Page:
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(Ideas on exceeding Title 24 efficiency requirements)




The Title 24 energy code sets a minimum level of energy efficiency, which applies to most new and remodeled buildings in California.  However, the Title 24 efficiency requirements are not necessarily the “optimum” level of efficiency for many projects.  Given rising energy costs, concern about global warming, and the desire to become less reliant on non-sustainable energy sources, there are many good reasons to consider exceeding the Title 24 efficiency requirements.  Some developers see energy efficiency as a selling point.  And some owners are interested in making a statement about creating less impact on the environment.


Many government agencies are requiring their new buildings to exceed Title 24 and/or meet the LEED “green building” requirements (which requires energy-efficient building design).  Some cities are requiring stricter “sustainable resource” design requirements for new private sector buildings, or giving incentives to do the same.  Both private and public building owners are encouraged to exceed Title 24 by incentive programs offered by utilities and government agencies (see the Energy Efficiency Incentive Programs page of this web site for more information).




The following are some key design considerations for energy-efficient buildings:


¡  Building orientation

For all types of buildings, in all climate zones, orienting the building on an east-west axis, so that larger exterior wall areas are facing north and south, is desired because it maximizes the potential for glazing on the south and north, while decreasing the potential east and west-facing glazing areas.  East and west-facing fenestration is less desired because it is subject to high solar loads in summer, and is difficult to shade due to the low morning and afternoon sun angles that strike east and west facades (see Apparent Motion of the Sun on the Fenestration page of this site).  East and west-facing glazing also transmits very little winter solar heat that is desired in smaller (mainly residential) buildings.






In most nonresidential buildings, where occupants, lighting and equipment result in large internal cooling loads, solar heat is not desired (except in cold climates in winter).  Therefore, north-facing glazing is best.  South-facing glazing is superior to either east or west-facing glazing, as it receives less summer solar heat, and is easier to shade. 






In residential buildings (and very small-scale commercial buildings), solar heat is desired in winter, but is not wanted in the warm summer season.  Therefore, maximizing south-facing glazing (with modest overhang to shade the summer sun) is best.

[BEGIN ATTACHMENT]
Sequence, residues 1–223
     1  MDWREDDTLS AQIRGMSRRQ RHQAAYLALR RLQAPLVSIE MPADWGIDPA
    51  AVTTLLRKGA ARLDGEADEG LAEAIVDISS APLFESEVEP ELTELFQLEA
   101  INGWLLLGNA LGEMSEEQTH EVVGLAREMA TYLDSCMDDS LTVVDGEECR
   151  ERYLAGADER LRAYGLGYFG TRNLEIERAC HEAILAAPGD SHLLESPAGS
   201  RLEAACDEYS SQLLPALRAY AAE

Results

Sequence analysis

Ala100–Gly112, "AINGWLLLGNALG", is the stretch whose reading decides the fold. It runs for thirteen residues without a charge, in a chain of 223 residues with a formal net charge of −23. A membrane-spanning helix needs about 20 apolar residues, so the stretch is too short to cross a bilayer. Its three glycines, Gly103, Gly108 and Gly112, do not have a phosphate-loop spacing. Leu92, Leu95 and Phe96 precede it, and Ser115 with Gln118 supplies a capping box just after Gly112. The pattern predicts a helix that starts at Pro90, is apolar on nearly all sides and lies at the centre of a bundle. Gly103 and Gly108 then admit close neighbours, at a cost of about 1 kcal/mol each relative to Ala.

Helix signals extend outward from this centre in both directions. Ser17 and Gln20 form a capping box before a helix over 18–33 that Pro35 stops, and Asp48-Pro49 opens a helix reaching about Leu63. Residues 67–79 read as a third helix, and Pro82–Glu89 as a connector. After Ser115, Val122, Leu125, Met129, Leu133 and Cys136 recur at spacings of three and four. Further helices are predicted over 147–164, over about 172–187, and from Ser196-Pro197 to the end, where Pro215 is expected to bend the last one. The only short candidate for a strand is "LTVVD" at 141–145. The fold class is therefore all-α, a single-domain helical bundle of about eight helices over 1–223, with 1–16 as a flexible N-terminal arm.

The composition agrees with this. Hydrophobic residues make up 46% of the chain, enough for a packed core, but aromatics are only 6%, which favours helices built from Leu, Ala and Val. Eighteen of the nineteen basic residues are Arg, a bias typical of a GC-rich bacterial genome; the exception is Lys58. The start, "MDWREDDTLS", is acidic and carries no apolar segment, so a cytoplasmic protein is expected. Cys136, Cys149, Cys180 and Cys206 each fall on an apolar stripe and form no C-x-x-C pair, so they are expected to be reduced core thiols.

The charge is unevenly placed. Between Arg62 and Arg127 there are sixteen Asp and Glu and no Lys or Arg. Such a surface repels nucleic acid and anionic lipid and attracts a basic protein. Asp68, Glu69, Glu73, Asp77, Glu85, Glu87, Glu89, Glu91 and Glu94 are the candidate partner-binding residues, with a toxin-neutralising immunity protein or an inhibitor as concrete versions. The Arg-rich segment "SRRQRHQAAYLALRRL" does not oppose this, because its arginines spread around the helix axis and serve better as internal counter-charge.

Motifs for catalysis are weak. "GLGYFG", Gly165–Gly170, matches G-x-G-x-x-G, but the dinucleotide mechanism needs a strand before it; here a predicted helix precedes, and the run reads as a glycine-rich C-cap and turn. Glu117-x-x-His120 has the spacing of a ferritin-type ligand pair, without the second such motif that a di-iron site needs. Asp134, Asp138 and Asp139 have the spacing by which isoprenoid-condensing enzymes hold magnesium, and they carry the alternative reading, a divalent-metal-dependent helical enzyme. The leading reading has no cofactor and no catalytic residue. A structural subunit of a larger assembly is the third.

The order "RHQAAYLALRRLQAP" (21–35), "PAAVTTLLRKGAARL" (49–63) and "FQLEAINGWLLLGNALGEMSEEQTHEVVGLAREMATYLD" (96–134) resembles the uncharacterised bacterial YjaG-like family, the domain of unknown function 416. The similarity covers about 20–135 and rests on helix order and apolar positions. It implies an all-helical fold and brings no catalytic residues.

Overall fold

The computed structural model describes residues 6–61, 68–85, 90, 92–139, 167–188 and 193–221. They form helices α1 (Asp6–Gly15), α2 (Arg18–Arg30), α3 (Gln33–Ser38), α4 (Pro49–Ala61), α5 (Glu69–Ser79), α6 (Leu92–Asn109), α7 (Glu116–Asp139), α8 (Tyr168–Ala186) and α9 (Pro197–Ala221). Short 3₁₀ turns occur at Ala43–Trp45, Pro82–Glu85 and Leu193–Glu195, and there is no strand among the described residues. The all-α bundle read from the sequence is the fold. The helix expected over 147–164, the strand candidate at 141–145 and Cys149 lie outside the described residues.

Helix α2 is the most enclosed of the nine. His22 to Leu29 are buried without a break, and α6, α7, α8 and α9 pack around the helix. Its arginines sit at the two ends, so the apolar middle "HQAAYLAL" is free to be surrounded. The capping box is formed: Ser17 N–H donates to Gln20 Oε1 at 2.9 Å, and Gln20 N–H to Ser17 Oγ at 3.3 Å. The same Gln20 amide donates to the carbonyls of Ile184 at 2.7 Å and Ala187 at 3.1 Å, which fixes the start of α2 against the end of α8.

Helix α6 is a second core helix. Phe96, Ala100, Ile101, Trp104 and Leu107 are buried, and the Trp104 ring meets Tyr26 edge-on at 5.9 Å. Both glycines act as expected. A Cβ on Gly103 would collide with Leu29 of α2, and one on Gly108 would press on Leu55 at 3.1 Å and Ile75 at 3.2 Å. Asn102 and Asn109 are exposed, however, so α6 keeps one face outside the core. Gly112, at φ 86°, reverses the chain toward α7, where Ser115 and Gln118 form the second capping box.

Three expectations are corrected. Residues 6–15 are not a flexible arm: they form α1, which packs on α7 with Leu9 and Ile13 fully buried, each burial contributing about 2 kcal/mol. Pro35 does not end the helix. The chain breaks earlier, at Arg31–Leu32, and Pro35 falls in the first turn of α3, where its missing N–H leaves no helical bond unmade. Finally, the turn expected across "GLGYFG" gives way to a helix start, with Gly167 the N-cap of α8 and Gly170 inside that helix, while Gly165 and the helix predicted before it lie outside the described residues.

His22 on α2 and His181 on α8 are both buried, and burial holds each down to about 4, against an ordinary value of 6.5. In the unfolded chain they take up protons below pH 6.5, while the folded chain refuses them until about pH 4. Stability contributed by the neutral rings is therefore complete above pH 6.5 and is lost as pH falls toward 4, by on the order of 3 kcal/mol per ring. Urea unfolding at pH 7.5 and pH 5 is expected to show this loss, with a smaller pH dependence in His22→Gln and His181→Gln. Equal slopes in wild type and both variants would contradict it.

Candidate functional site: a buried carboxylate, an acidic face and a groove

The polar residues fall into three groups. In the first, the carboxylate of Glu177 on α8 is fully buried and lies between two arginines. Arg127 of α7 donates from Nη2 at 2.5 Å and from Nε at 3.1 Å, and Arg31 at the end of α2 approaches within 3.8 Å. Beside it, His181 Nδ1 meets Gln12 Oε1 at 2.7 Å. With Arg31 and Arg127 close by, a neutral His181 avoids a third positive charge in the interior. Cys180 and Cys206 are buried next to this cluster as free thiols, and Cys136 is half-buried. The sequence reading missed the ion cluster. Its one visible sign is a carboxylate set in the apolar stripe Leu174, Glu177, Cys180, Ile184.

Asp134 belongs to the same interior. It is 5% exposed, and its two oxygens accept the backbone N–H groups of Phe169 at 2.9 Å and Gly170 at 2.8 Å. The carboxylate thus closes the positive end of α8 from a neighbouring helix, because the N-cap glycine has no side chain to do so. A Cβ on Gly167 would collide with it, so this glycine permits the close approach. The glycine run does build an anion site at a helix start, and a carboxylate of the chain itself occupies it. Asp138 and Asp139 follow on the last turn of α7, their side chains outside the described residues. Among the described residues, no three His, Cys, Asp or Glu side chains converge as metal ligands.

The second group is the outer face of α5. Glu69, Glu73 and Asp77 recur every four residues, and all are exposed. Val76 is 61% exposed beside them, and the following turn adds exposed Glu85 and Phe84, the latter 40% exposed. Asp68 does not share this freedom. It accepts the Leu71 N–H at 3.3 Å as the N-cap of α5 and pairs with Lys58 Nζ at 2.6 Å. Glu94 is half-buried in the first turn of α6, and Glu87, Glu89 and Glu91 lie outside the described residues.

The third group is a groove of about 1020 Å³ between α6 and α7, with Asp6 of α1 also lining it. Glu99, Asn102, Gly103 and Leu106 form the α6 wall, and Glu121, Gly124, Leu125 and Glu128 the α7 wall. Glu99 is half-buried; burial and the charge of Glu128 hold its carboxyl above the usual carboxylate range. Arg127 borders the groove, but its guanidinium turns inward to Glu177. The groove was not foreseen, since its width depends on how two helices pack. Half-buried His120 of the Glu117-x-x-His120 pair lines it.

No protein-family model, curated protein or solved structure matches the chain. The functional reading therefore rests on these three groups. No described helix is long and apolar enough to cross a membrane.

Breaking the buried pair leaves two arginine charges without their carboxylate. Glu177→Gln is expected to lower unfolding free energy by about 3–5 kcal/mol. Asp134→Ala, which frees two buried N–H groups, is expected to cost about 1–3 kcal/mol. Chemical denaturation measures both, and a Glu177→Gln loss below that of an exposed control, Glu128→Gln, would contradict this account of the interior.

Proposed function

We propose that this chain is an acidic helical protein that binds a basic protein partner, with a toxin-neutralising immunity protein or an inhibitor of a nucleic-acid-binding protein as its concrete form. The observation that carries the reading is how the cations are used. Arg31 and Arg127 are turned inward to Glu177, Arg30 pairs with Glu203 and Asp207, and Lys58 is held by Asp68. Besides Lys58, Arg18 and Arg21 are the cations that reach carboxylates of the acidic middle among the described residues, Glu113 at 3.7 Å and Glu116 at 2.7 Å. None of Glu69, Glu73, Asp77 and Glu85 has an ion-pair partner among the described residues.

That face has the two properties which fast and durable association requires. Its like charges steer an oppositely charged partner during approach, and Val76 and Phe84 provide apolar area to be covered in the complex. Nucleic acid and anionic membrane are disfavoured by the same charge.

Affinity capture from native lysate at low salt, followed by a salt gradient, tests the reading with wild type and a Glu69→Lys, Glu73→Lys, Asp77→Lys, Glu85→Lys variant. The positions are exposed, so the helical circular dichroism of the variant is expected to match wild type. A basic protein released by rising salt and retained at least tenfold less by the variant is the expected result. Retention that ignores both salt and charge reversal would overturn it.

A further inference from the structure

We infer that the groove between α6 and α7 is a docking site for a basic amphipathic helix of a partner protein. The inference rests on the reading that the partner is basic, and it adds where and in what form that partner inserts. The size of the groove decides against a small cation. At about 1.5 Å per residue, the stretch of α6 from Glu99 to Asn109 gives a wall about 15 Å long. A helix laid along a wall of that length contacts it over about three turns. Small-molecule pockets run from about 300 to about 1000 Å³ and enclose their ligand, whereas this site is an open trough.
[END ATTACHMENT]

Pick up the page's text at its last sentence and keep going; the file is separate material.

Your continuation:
¡  Daylighting

Building designs can take advantage of natural daylight to light interior space, while reducing electric lighting energy through automatic controls.  The best designs bounce daylight onto and off a white ceiling, while also partially shading the glazing.




¡  Renewable Energy

Passive and active solar systems can be incorporated into buildings for space heating and domestic hot water needs.









Passive solar systems rely on direct solar heating of the space, by “collecting” solar heat through south-facing windows.  Passive solar heating performs best when designed with interior thermal mass to soak up excess solar heat during the daytime, which is released as the space cools at night. Passive cooling can be achieved by use of thermal mass inside the occupied space, which can be cooled on summer nights with open windows and/or forced ventilation systems, helping to keep buildings cooler during warm days.



Active systems rely on solar collectors to collect heat , to be used for domestic hot water, space heating and pool heating. Photovoltaic (PV) panels produce electricity.  A storage medium (usually water for thermal systems, the electric utility or batteries for electric systems) is employed to have access to the energy when needed.  Both types of collectors are usually mounted on south-facing roof surfaces, unshaded by neighboring structures and trees.



Description: SolarPassive602-2




¡  Other energy efficiency options to consider      (for more ideas and applicability to specific projects, contact F.E.D.)

®  Fenestration

For most building types and climate zones, Title 24 sets fairly stringent efficiency requirements for windows, glass doors and skylights.  Low-E glazing is typically required in order to achieve the “baseline” requirements both the SHGC and U-factor.  For low-rise residential buildings, non-metal frames are the norm.  For nonresidential and high-rise residential projects, thermally-broken frames are sometimes required in order to meet energy code efficiency requirements.